Poetry As Insurgent Art

Got to see Lawrence Ferlinghetti read at City Lights tonight from his new book. Barb and I thought we would beat the crowd and get their almost an hour early but it didn’t quite work out that way as their was already a crowd by the door when we arrive and as we make it inside the man by the door says, “Two more and then no one else gets in.”

Inside the first floor of City Lights is completely packed as we all wait for Ferlinghetti to read and at 7 on the dot the man walks in to spontaneous applause. No intro needed, indeed.

Ferlinghetti’s reading was straight and to the point as he read passages from Poetry As Insurgent Art which, he states early on, is not a book of poetry but more a book about poetry.

From the book’s press release: “After a lifetime, this (r)evolutionary little book is still a work-in-progress, the poet’s ars poetica, to which at 88 he is constantly adding.”

It’s a great thing to see a poet of such distinction readily admitting that poetry is still a mystery that he hasn’t quite figured out. It’s certainly more refreshing than the inverse statement.

Some lines I jotted down during the reading:

What times are these? Silence and horrors.
Create works for apocalyptic times.
Write living newspapers.
The lisp of leaves.
A lyric poet must rise above sounds found in the alphabet soup of language poetry.
Do you have the mad sound?
Compose on the tongue.
A poem should not have to be explained.
Imagine Shelley at a workshop?
Catch its song.

After the reading, Ferlinghetti opened it up to Q&A, which he set off by remarking on his reading at Berkeley the week before and where he was surprised by the lack of questioning he received from (his word) intellectuals who never even asked his what “insurgent art” was. I’m not sure the questions from the City Lights audience were anymore probing. On one hand, I applaud Ferlinghetti’s openness and how he invited the audience to really take his work to task but on the flip side, who is really going to take him to task? And in City Lights? C’mon now.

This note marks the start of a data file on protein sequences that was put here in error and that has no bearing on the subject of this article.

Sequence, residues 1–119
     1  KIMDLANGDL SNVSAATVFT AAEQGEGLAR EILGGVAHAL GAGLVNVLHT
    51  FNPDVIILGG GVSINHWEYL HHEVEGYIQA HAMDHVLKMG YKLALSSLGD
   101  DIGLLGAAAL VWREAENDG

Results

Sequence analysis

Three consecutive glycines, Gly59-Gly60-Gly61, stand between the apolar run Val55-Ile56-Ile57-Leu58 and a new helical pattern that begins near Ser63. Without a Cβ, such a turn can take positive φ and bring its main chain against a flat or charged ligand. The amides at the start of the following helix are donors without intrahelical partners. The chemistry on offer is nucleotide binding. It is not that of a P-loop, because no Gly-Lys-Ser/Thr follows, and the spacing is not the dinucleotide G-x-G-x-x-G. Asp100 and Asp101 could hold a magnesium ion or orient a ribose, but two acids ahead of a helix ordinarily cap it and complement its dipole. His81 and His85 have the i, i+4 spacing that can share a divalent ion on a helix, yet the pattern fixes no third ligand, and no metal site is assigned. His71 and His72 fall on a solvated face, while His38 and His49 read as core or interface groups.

I did get a chance to ask him about this line he read, ”paper may burn but words will escape.” Which had me wondering if the future of poetry as insurgent art rests in live readings as opposed to in the pages of books. Ferlinghetti believed it did reside in the spoken word (the actual act, not the much maligned term) and spreading out into the open the “oral message.”

And then maybe three questions later, when asked about taking critical advice, Ferlinghetti referred to his taking cues by “reading great writers.” A contradiction to the previous message about oral messages? Not for me, as I believe that the orature should inform the literature and vice-versa.

And if one can find that balance between literature and orature then one might avoid Ferlinghetti’s critique, “Contemporary poetry is prose in the topography of poetry.”

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  1. I just “borrowed” this book from a corporate book monster today.
    I have no bad words for it.

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